For all these reasons, we must revitalise the multilateral debate on investment treaties. A key role should be played in this respect by the G20, the OECD and other international organisations. All G20 governments have been invited to participate in the regular meetings of an OECD-hosted Roundtable that has focused on investment treaties since 2011. At the latest OECD conference on investment treaties in March of this year, major countries, including OECD members, China and India, expressed support for treaties but also for significant reform.
Where to start? We first need to find broad agreement on some core principles and some clearly-defined options for governments with differing interests. That could lead to more ambitious goals like discussions of a multilateral framework or model provisions in key areas. The G20 could give the lead by giving impetus, showing broad government interest, and commissioning work. Turkey has put investment at the centre of its G20 presidency. That is why the G20 and the OECD will be co-hosting a Global Forum on International Investment in connection with the G20 Trade Ministers meeting in Istanbul on 5 October. The trade and investment nexus, and investment treaties, will be key issues there. It is likely that China, in presiding the G20 next year, will similarly place particular emphasis on investment. This should be applauded.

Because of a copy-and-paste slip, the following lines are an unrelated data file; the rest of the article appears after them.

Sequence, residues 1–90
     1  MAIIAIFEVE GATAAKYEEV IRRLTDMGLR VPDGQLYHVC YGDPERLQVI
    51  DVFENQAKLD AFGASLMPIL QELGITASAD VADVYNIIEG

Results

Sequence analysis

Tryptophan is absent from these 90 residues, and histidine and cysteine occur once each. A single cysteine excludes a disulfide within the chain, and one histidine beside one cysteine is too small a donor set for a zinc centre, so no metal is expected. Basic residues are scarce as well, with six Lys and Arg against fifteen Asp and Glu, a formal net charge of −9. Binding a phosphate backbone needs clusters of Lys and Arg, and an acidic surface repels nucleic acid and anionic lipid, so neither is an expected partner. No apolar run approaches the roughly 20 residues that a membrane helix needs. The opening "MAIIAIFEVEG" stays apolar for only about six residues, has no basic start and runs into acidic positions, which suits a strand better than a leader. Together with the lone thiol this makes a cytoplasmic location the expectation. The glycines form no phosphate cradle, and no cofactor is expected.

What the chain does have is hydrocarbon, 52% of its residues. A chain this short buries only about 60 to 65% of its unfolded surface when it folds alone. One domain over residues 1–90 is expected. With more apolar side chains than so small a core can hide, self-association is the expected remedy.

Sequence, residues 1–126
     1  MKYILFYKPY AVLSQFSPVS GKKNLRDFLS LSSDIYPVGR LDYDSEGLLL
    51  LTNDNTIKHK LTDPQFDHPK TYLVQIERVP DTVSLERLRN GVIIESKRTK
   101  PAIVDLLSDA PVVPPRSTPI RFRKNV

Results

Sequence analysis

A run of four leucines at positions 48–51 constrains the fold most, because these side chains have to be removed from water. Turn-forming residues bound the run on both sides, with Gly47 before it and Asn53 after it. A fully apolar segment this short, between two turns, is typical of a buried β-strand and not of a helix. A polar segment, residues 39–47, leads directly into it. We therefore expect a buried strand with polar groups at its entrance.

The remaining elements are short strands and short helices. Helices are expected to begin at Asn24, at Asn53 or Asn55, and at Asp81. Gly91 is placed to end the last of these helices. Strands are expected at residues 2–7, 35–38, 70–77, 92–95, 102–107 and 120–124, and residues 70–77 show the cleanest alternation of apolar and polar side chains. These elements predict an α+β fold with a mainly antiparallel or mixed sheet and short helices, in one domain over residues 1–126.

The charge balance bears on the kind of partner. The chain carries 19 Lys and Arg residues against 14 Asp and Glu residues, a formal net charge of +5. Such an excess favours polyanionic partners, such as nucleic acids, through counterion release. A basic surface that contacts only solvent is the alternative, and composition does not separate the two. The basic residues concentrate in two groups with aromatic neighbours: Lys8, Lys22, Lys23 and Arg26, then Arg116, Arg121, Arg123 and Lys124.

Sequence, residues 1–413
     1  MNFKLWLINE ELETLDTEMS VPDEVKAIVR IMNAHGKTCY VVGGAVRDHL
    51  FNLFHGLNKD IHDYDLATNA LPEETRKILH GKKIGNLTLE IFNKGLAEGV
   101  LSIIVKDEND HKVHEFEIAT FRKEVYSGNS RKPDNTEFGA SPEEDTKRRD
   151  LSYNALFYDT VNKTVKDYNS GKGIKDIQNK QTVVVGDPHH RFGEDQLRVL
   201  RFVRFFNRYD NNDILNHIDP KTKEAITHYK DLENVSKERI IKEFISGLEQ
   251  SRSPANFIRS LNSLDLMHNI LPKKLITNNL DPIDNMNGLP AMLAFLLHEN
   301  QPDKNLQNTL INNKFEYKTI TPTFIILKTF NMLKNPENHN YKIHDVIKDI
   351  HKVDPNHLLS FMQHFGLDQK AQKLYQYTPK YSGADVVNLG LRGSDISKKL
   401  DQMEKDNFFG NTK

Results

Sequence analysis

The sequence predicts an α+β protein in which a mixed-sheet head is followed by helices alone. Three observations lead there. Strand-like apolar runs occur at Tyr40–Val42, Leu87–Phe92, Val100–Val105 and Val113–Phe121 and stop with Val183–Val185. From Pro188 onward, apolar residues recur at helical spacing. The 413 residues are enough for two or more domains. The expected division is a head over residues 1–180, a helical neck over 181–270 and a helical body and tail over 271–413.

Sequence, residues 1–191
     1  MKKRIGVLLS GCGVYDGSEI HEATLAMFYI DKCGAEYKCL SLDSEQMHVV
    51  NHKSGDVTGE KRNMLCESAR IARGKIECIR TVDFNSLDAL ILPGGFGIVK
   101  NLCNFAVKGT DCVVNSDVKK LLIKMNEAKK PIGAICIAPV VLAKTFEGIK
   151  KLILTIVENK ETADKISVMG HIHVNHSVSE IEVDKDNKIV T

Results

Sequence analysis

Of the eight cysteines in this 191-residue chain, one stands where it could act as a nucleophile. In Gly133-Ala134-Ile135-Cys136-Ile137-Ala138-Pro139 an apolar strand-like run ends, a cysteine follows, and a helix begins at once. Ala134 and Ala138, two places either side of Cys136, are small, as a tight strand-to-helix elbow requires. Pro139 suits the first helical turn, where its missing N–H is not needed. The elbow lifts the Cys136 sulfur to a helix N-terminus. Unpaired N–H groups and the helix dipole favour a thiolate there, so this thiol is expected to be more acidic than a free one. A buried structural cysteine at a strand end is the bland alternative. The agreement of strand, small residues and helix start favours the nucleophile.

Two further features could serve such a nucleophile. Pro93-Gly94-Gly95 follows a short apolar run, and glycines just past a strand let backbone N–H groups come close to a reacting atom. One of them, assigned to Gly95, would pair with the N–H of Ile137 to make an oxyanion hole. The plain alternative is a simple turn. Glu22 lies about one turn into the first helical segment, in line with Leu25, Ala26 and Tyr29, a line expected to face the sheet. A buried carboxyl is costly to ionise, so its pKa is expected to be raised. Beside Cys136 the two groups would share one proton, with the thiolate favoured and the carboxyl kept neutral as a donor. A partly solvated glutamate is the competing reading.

Multilateral attention to improve investment treaties is long overdue. At the adjudicative level, the recent proposal by the European Commission to establish a permanent ‘Investment Court System’ in the context of the TTIP negotiations is an interesting starting point for further discussion. The system, according to the proposal, should be based broadly on the WTO’s Appellate Body, with strict qualifications and ethical requirements and permanent remuneration for its members. It remains to be seen whether the US will go along with the proposal. In any event, it may serve as the starting point for reform of the heavily criticised current system of investor-state arbitration.